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In The Middle of the Civil War, inventor and businessman Richard Gatling created the world's first working machine gun. He naively hoped that the overwhelming effectiveness of a multiple-firing weapon would save lives by reducing the number of soldiers needed to fight. (The scientists who would unleash America's atomic arsenal less than a century later would see things much the same way.) Instead, it kicked off a worldwide escalation in armaments and opened a path toward modern gunnery that leads all the way to ...
In The Middle of the Civil War, inventor and businessman Richard Gatling created the world's first working machine gun. He naively hoped that the overwhelming effectiveness of a multiple-firing weapon would save lives by reducing the number of soldiers needed to fight. (The scientists who would unleash America's atomic arsenal less than a century later would see things much the same way.) Instead, it kicked off a worldwide escalation in armaments and opened a path toward modern gunnery that leads all the way to the AK-47. Through her portrait of its misunderstood creator, Pulitzer Prize-winning writer Julia Keller draws on her investigative and literary talents to show how the Gatling gun, in its combination of ingenuity, idealism, and destructive power, perfectly exemplifies the paradox of America's rise to a world superpower.
Keller, a Pulitzer Prize-winning journalist, analyzes the nexus between invention and culture in this incisive and instructive cultural history cum biography. Her subject is the iconic Gatling gun, the "first successful machine gun," and its inventor, Richard Jordan Gatling, a 19th-century tinkerer and entrepreneur. A gifted amateur inventor, he registered his first patent-for a mechanical seed planter-in 1844 and had 43 lifetime patents. In 1862, with the Civil War raging, Gatling invented a six-barrel, rapid-firing (200 rounds per minute) gun based on his seed planter. Initially rejected by the Union army, the gun finally came into use in 1866 as a "bully and enforcer" against striking workers and in the Indian Wars; its legacy-"the mechanization of death"-didn't become fully apparent until the killing fields of WWI. A celebrity in the 19th century, Gatling was soon reviled for his "terrible marvel" and then consigned to obscurity. Keller rescues Gatling and anchors his remarkable life firmly in the landscape of 19th-century America: a time and place of "egalitarian hope and infinite possibility." (June)Copyright © Reed Business Information, a division of Reed Elsevier Inc. All rights reserved.
Military histories typically cover leaders, major wars, or important battles, seldom the development and history of the weapons used to wage war. These two brief books manage to fill that gap. Pulitzer Prize-winning journalist Keller (Chicago Tribune) describes the immediate impact of the Gatling gun when its "breathless whirl" was first used in the Civil War. Created in 1861, it was the prototype for the modern machine gun. When the operator turned the gun's hand crank, the rotating barrels turned and fired rapidly. It used multiple barrels and needed little time to cool off. Keller's book is both a biography of Dr. Richard J. Gatling and an analysis of how his invention permanently changed the face of warfare. The gun produced carnage on a scale never seen before. It created a blueprint for future rapid-fire weapons and contributed to American military success for years to come.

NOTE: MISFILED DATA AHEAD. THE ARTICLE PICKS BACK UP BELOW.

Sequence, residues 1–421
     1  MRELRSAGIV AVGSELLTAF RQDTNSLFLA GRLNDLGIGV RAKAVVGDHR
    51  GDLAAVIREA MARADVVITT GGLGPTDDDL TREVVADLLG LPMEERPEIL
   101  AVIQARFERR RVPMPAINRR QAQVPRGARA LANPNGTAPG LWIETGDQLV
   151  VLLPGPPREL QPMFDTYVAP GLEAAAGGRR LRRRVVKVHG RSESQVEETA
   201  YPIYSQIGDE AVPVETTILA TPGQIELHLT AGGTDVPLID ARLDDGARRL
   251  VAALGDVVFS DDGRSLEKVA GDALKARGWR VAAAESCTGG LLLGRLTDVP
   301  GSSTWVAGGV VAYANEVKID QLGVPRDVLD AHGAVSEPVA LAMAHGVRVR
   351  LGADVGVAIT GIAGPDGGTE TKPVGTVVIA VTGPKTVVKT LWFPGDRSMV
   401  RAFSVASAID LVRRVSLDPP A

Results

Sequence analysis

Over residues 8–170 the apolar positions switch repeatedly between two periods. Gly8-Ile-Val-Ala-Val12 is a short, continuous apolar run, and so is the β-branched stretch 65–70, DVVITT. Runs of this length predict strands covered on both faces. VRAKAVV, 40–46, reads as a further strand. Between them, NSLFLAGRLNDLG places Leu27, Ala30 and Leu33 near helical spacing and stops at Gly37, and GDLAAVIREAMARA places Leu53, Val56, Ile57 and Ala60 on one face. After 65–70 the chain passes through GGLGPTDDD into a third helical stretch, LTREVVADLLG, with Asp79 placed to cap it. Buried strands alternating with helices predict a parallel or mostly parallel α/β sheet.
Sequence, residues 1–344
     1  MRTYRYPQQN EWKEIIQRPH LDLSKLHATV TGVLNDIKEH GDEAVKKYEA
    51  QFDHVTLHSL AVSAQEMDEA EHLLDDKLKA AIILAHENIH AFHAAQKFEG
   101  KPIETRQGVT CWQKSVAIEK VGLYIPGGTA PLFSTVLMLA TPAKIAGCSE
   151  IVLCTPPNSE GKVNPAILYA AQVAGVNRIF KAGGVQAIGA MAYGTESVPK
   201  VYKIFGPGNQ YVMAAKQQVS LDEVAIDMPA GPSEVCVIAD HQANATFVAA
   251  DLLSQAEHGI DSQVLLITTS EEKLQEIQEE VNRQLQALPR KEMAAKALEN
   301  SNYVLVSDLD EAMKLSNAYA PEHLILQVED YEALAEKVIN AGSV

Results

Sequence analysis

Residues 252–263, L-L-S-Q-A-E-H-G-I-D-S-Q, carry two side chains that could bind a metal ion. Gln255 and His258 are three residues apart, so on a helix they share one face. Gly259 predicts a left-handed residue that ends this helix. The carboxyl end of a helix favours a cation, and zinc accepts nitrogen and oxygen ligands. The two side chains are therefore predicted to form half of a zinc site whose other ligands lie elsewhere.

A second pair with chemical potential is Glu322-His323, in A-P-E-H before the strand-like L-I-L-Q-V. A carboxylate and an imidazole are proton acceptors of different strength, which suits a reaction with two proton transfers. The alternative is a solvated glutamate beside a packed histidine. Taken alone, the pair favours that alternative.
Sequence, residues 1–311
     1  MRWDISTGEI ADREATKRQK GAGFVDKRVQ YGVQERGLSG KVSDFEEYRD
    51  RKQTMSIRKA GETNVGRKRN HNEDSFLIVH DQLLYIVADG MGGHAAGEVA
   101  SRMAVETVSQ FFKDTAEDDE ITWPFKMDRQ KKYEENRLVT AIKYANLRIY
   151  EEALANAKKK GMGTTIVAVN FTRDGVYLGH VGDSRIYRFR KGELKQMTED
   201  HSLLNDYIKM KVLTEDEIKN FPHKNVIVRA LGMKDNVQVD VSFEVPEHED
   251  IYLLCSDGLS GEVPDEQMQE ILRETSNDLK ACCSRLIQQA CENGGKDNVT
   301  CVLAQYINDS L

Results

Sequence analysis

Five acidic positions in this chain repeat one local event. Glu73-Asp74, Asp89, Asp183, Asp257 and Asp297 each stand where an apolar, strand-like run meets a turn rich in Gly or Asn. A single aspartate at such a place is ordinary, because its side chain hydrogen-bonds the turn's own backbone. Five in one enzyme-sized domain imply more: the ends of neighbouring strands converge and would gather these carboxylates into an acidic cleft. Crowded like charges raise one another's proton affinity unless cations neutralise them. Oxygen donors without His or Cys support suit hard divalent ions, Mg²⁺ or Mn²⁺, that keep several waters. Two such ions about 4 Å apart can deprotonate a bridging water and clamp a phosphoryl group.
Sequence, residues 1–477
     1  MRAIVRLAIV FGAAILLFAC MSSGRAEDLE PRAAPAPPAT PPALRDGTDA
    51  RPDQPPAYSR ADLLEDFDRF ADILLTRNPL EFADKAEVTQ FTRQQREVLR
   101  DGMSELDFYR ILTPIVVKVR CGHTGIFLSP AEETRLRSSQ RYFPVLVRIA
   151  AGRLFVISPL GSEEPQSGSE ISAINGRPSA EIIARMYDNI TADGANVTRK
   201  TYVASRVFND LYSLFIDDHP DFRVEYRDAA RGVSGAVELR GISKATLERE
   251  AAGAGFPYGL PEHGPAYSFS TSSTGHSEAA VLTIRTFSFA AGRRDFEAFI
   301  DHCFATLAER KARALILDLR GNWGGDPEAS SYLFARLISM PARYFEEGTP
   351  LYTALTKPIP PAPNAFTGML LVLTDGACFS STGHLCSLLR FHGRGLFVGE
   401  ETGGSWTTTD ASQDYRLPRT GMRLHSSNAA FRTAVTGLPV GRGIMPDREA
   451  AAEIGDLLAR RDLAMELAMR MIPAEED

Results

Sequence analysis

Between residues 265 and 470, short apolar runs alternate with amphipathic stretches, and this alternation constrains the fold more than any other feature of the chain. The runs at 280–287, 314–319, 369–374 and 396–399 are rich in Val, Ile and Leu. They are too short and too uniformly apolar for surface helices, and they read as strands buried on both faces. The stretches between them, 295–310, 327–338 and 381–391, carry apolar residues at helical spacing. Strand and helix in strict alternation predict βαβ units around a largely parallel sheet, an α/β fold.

If the Gatling gun was a transforming invention of the 19th century, the AK47 represents the kind of weapon that has transformed the 20th and 21st. It was created by Soviet Lt. Gen. Mikhail Timofeyevich Kalashnikov in 1947. Hodges discusses the widespread use of this portable rapid-fire weapon, explaining that the AK47 was "not even the first semi-automatic weapon on the battlefield" nor "the most sophisticated." Its simple design was its greatest advantage; with fewer parts that might break, it was a reliable, cost-effective weapon that was easy to learn how to use. Like Keller, Hodges is an established journalist; both authors have a reporter's skill in driving their stories. Students and academics may find these books useful as secondary sources, although neither has footnotes and Hodges'sadditionally lacks a bibliography. Both are easy and enjoyable reads and will be accessible to general history buffs. Recommended for public and some undergraduate libraries.
—Antonio S. Thompson
Ch. 1 Cold Beauty 17
Ch. 2 A World of Mornings 53
Ch. 3 Land of the Second Chance 89
Ch. 4 "Drunkards, Dandies & Loafers" 113
Ch. 5 The Spaces Between the Bullets 141
Ch. 6 "A Little Gatling Music" 173
Ch. 7 "The World's Great Storm" 207
Ch. 8 Warriors and Sages 225